Editor’s Note: Dick Durbin, a Democrat, is the senior US senator from Illinois. The opinions expressed in this commentary are his own. View more opinion at CNN.
We are just weeks away from two important dates: Election Day, on November 3, and November 10, the day the Supreme Court will take up the case that will decide whether the Affordable Care Act will survive.
President Donald Trump and Senate Majority Leader Mitch McConnell want to rush the President’s nominee Judge Amy Coney Barrett through the Senate and onto the Supreme Court before those two dates arrive.
On February 13, 2016, when Justice Antonin Scalia passed away in a presidential election year, Sen. McConnell said, “The American people should have a voice in the selection of their next Supreme Court Justice. Therefore, this vacancy should not be filled until we have a new President.”
The so-called “McConnell rule” was clear and unambiguous. And in 2016, Republicans fell in line behind it. They said the American people should have a voice, and election year Supreme Court vacancies should be filled in the next presidential term.
But when Justice Ruth Bader Ginsburg passed away on September 18, after Americans had already started voting in the 2020 presidential election, Sen. McConnell reversed his position and announced he would confirm her replacement this year.
Citing historical precedent from the 1880s, Sen. McConnell has claimed that whether or not the American people get a voice in an election year vacancy should depend on whether the same party that controls the Senate controls the White House.
Of course, he conveniently overlooks the fact that in the presidential election year of 1988, a Democratic-controlled Senate confirmed Justice Anthony Kennedy, the nominee of a Republican President.
But setting aside Sen. McConnell’s selective recollection of precedent, why should the composition of the Senate dictate whether or not the American people “should have a voice in the selection of their next Supreme Court Justice”? Either the American people do get an election year voice regarding the future of the court, or they don’t. In 2016 Sen. McConnell said they do; now he says they don’t. It’s a flip-flop, plain and simple.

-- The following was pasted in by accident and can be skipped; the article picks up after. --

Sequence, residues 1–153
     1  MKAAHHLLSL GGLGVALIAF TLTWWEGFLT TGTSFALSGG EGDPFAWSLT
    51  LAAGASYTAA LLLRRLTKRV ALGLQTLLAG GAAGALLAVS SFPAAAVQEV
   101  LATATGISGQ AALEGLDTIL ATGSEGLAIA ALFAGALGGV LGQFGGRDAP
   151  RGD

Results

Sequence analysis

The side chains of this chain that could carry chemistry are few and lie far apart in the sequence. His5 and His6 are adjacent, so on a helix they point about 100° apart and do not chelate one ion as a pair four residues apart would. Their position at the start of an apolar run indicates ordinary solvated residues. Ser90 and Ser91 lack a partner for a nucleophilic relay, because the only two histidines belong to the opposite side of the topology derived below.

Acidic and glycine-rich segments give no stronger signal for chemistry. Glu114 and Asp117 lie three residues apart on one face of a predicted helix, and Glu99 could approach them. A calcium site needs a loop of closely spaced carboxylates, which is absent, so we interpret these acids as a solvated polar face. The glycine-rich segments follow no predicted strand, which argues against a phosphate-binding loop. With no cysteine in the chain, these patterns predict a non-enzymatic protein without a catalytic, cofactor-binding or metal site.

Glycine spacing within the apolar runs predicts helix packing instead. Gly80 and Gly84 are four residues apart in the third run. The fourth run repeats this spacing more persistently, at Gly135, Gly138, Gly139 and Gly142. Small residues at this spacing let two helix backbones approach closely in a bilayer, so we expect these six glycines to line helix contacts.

This is not just some abstract Washington debate. The stakes are enormous for millions of Americans all over the country.
President Trump has made clear he wants to strike down the entire Affordable Care Act. That is the position the Trump administration has taken before the Supreme Court in a case that will be argued on November 10, exactly one week after Election Day.
President Trump has also made clear what he’s looking for in a Supreme Court justice when it comes to the Affordable Care Act.
Just this week, President Trump tweeted, “Obamacare will be replaced with a MUCH better, and FAR cheaper, alternative if it is terminated in the Supreme Court. Would be a big WIN for the USA!”
Let me be clear on two points. First, this effort to rip away health care would not “be a big WIN for the USA.” If Republicans are successful, an estimated 600,000 people in my state of Illinois alone could lose health care coverage, and millions more in my state – even those with employer-sponsored insurance – would lose protections for pre-existing conditions.
At the time of writing, we have nearly 300,000 Illinoisans who have contracted Covid-19 and joined those with asthma, diabetes and heart disease in having a pre-existing condition. As many as 133 million Americans have pre-existing conditions, according to a 2017 Department of Health report. In the middle of a pandemic, who thinks it is a good idea to return to the days when insurance companies could deny coverage, charge women more than men or impose arbitrary caps on benefits?
Second, Republicans have no plan to replace the Affordable Care Act if they succeed in striking it down. Recall that in June 2019, President Trump swore that he had a “phenomenal” health care plan and that he would be announcing it in “two months.” Still, we have nothing.
Last month, I questioned senior health officials in the Trump administration about the President’s repeated claims about having a replacement plan for the ACA. All three witnesses testified they were not aware of any replacement plan.
Republicans were never able to repeal the Affordable Care Act on the Senate floor, thanks to the late Sen. John McCain, an American hero, joining every Democrat in opposing repeal. So Republicans are trying to accomplish in the courts what they could not accomplish in Congress.
If President Trump and Sen. McConnell go through with their plan to jam through a Supreme Court nominee this year, the Affordable Care Act and its protections for pre-existing conditions will almost certainly be struck down.
And that is why my Republican colleagues refuse to do what they insisted on doing in 2016 and give the American people a voice in the selection of the next justice. Senate Democrats will not take this lying down. By using every tool at our disposal on the floor and in committee and by making sure the American people are aware of what is at stake with this Supreme Court nomination, we will fight for the future of the Affordable Care Act.